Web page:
Editor’s note: Gov. Roy Cooper urged legislative Republicans on Jan. 5 at Cotswold Elementary to provide funding for smaller class sizes when they convene this week. Here are his remarks from that visit.
I’m glad to be here today at Cotswold Elementary.
I’ve enjoyed meeting with students, teachers, administrators and support staff who have just gotten back from winter break.
They’re energized and ready to take on the second half of the school year. But like many other schools across North Carolina, Cotswold is also working to solve a serious problem caused by an unfunded mandate from the state legislature.
In 2016, the General Assembly first passed a requirement for smaller class size for grades K-3 in our public schools.
Sounds like a good idea, right? It is on paper, but in reality, without the money to do it, it’s a nightmare. The legislature either needs to phase this law in or provide funding for it.
You see, schools like Cotswold are in a bind. Several of their K-3 classes now have more students than this new law allows.
But because the General Assembly failed to include funding to meet this requirement, schools are having to take steps that they know will hurt.
They weren’t given the money to hire additional teachers and create space for additional classrooms, so they’re having to cut elsewhere.
The decisions schools like Cotswold will have to make in the coming months will put education quality at risk.
What are those alternatives? Cutting computer science, arts, music and physical education classes, and increasing class sizes in grades 4 and above.
I recently visited Washington Elementary School in Raleigh, where I went into a class where students were learning computer science skills – lessons that are critical to preparing young people to succeed in 21st century jobs.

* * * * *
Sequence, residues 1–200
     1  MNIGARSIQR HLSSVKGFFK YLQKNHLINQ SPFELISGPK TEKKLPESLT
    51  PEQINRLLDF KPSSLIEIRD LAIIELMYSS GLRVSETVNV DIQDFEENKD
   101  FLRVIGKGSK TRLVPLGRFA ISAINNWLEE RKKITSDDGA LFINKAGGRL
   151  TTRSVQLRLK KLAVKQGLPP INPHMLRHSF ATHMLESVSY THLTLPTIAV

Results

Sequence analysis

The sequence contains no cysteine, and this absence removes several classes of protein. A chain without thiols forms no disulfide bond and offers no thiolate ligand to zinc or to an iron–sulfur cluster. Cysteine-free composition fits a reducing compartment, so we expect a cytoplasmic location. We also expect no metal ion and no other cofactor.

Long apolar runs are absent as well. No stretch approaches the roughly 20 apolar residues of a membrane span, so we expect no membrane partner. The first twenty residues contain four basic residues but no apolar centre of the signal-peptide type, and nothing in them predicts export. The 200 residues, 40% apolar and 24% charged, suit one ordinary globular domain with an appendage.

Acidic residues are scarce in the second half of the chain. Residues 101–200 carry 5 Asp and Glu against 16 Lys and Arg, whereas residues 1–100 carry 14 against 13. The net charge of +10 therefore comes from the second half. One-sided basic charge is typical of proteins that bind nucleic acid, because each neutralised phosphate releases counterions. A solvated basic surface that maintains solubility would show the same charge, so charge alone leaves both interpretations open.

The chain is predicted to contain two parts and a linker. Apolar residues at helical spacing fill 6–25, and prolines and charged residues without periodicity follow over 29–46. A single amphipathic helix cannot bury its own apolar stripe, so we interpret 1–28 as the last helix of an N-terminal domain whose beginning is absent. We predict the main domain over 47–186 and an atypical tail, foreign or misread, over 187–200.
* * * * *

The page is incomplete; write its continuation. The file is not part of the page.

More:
The school principal told me that the class would likely have to be eliminated if this new law is not phased in or funded.
Few schools will have the space to meet the requirements of the new law at the beginning of the next school year, so more classes will have to be held in alternative spaces like trailers and cafeterias instead of rooms built for learning.
I recently heard from administrators at one middle school about another bad option.
A teacher from one of their three eighth-grade classes retired. Normally, the school would have hired a replacement for this teacher. But because of the new law, the district made the tough decision not to fill that slot. Instead, they moved the position to K -3 where the class size change is required.
So instead of three eighth grade classes, that middle school now has to make do with two classes of about 35 students each.
It’s like a balloon – you can squeeze one end to make it smaller, but the other end just gets bigger.
The students in those classes will get less individual attention, and their teachers will be strained even further.
I believe smaller class size can be a good thing, but you have to pay for it. This is an artificial class size change – one that shrinks classes on paper but in reality hurts students and teachers.
Squeezing public schools even further by forcing artificial deadlines could hurt student learning and leave some children and teachers in overcrowded classrooms.
The legislature itself acknowledged this when phasing in the class size requirement for one year until they could fund it. They never did. Now the deadline is coming again.
So as the General Assembly prepares to head into a special session next week, I’m asking legislative leaders: If smaller class size is a priority, fund it. If the money isn’t appropriated, then phase this new law in.
I know that a number of members of our General Assembly – both Democratic and Republican – agree that this isn’t the right way to reduce class size.
We need to take the pressure off school districts now so they can do their jobs. Let’s help them phase into new class size requirements over time so that students and teachers don’t suffer. Let’s make sure they get the funding to do this.
We should be helping schools hire highly qualified teachers instead of forcing them to resort to measures that will set our students back.
North Carolinians from all walks of life rely on our public schools to get a good education that sets them on the path toward success.
It’s time to put them first.